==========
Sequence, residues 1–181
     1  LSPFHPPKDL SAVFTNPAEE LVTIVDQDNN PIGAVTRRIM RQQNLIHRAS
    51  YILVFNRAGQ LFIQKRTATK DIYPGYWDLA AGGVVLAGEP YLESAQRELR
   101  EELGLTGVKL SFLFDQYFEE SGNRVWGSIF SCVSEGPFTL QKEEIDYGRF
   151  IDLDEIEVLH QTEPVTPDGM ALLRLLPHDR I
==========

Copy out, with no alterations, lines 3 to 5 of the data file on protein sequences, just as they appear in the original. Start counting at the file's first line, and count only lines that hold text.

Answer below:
    51  YILVFNRAGQ LFIQKRTATK DIYPGYWDLA AGGVVLAGEP YLESAQRELR
   101  EELGLTGVKL SFLFDQYFEE SGNRVWGSIF SCVSEGPFTL QKEEIDYGRF
   151  IDLDEIEVLH QTEPVTPDGM ALLRLLPHDR I